Prev: Mainly Crossing Maine
Next: Island hopping to New Brunswick
07/18/2005: The coast of Maine
We left the Calais Motor Inn and bought some fruit, and had a fruitless search for an AOL disk.
Maine protects its shopping carts!
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Although we had planned to jump across the bridge into New Brunswick, we decided to move slowly and see the low tide here in Maine before moving on.
I tried to get online at the Public Library, but after being surly with their expert, I found out that the only way I could do it is with one of their carrel computers: WinNT4.0 on a 486! No way to upload pictures. I just did a quick email check while Karen went to check out the McDonalds Lobster Rolls. Locals told her where to go to get good ones. Then Karen apologized to the poor librarian for my manners.
So we lunched at an ice cream stand on U.S. 1 called The Scream House and had the Lobster roll plate with onion rings.
The Scream Shack! Barely visible under the last coat of paint, an appropriate name for this ice cream and lobster dispensary
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Karen gets a Lobster Roll at an ice cream shack recommended by the locals
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Onion rings and a lobster roll (lobster salad on a bun) in Calais, Maine
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Then we stopped at a few shore access points to see the low tide, and look around the rocky beaches.
This milestone is one of a complete series of 15 set up by a newspaper man to time his horses, a generation before the first motor car hit this continent.
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Karen shows off a low-tide find: Dead crab, partially decomposed. Yum!
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Watching snails race among the karageenan at low tide on the coast of Maine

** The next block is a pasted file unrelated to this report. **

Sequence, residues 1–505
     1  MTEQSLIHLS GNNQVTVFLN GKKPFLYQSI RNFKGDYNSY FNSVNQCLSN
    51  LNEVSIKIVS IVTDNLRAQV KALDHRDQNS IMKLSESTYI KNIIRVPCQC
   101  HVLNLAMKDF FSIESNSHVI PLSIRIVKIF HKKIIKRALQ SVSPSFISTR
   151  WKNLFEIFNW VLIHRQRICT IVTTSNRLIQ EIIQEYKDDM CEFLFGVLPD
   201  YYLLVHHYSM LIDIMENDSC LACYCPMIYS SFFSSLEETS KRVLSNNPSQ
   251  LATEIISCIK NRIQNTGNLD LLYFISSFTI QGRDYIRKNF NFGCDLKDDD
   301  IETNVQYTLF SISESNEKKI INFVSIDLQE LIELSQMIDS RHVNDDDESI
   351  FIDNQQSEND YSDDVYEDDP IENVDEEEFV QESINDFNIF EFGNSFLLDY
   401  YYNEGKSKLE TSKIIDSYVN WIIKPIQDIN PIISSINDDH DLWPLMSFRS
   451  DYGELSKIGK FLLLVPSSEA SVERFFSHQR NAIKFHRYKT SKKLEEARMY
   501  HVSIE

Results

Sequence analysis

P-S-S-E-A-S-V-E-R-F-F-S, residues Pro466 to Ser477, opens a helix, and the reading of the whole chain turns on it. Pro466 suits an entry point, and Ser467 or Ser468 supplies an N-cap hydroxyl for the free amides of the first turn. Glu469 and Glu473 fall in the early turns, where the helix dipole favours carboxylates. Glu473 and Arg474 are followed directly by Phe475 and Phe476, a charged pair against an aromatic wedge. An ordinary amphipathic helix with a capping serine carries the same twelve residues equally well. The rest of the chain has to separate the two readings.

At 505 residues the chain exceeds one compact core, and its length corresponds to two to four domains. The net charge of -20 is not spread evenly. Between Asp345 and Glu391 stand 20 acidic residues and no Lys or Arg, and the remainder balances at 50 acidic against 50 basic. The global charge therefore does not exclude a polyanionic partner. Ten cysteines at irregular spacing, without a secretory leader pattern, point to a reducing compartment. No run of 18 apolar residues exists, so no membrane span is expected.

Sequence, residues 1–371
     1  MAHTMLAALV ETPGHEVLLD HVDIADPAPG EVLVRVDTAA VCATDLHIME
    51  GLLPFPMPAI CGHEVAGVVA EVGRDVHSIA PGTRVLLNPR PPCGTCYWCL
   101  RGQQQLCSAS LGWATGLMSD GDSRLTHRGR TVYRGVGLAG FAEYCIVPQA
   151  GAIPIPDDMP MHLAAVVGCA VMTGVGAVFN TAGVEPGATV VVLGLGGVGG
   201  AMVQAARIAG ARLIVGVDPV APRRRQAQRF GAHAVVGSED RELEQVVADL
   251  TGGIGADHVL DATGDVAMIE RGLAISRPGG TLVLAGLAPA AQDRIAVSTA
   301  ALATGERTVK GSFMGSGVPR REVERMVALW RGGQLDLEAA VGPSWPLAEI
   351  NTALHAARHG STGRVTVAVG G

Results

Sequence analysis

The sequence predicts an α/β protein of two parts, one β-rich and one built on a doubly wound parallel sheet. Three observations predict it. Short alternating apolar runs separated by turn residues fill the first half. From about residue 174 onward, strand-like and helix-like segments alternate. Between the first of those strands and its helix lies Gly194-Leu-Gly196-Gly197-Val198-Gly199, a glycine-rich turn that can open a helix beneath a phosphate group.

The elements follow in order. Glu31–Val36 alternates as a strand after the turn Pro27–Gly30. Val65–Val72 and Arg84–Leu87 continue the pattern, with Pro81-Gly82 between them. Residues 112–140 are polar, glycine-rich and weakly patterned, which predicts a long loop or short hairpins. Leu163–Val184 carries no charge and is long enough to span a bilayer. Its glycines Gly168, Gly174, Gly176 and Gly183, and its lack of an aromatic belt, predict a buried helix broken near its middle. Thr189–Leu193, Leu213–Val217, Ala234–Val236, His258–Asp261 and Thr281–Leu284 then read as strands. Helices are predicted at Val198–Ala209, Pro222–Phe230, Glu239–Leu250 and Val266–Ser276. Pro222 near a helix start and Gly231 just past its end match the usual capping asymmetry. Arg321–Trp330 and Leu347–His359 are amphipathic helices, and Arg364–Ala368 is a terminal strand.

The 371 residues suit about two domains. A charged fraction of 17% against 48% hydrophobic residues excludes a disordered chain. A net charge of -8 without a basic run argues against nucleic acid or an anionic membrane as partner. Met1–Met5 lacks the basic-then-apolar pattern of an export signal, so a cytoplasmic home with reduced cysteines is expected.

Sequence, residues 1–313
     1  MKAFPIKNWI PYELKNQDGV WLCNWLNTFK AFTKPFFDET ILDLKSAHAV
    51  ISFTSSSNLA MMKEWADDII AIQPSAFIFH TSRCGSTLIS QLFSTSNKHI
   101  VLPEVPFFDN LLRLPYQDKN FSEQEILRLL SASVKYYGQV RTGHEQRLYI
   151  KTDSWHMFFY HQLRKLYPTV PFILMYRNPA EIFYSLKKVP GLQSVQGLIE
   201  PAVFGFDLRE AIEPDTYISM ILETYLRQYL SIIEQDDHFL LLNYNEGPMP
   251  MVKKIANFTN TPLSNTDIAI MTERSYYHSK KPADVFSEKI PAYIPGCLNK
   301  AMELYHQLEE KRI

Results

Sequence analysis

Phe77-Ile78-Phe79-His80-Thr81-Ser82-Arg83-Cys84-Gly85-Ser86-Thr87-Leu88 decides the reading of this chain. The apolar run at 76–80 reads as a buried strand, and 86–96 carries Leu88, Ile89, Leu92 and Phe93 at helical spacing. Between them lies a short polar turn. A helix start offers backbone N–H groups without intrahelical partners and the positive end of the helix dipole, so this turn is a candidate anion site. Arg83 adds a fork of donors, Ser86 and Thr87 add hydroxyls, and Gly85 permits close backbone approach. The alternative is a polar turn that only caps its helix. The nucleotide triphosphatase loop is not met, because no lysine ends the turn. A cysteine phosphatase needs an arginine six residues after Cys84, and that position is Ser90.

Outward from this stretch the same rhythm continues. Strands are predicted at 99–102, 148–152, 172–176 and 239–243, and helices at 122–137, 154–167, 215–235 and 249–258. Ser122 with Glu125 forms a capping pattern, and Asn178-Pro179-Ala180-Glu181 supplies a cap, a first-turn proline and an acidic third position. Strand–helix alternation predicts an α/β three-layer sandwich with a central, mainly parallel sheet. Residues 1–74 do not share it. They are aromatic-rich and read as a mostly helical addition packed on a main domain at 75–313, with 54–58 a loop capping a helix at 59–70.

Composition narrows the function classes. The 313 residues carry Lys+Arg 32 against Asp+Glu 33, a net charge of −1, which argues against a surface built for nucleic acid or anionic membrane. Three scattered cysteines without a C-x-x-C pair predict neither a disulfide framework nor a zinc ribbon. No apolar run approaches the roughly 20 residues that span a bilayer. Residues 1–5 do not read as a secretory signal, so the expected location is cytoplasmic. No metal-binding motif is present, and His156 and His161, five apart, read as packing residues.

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Barnacles. Some alive and waiting for the tide to come on, some dead. They "clam up" tighter when touched.
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Karen shows off some of her finds
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To get drinking water in this park, one has to "pump it up".
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We drove on down to Lubec, Maine, where the Visitor centers closed at 3 on Monday, to open on Wednesday. But the Lubeck historian showed up after hours & Karen talked her way in.
It gives one a sense of accomplishment to me halfway, 5,000 kilometers from equator and pole.
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I don't know why Karen was so fascinated by this anti-salvage labeling
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We drove to the West Quoddy Head lighthouse in dense fog, and stood at the easternmost point of the United States.
Quite a view of the Bay of Fundy from the eastern end of Maine
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Sign says we're as far east as we can get and be in the U.S. Dan points east.
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Caged Karen in foggy lighthouse scene.
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The next couple of hours we spent trying to find an unnamed "Blow hole" at an unspecified location. Different locals had different ideas about how to get there, and it wasn't on any map.
Split logs offer Some support on this narrow trail through this marshy Nature Conservacy rainforest land.
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At the end of the Brook Beach trail, the foggy split of land ahead booms as waves focus into a "blow hole". Distant booms in dense fog.
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We stayed at the Eastland Motel just west of Lubec, where the owner gave us directions to a hike to what may or may not be the fabled blow hole.
I was very exhausted by the end of this day.
Next: Island hopping to New Brunswick

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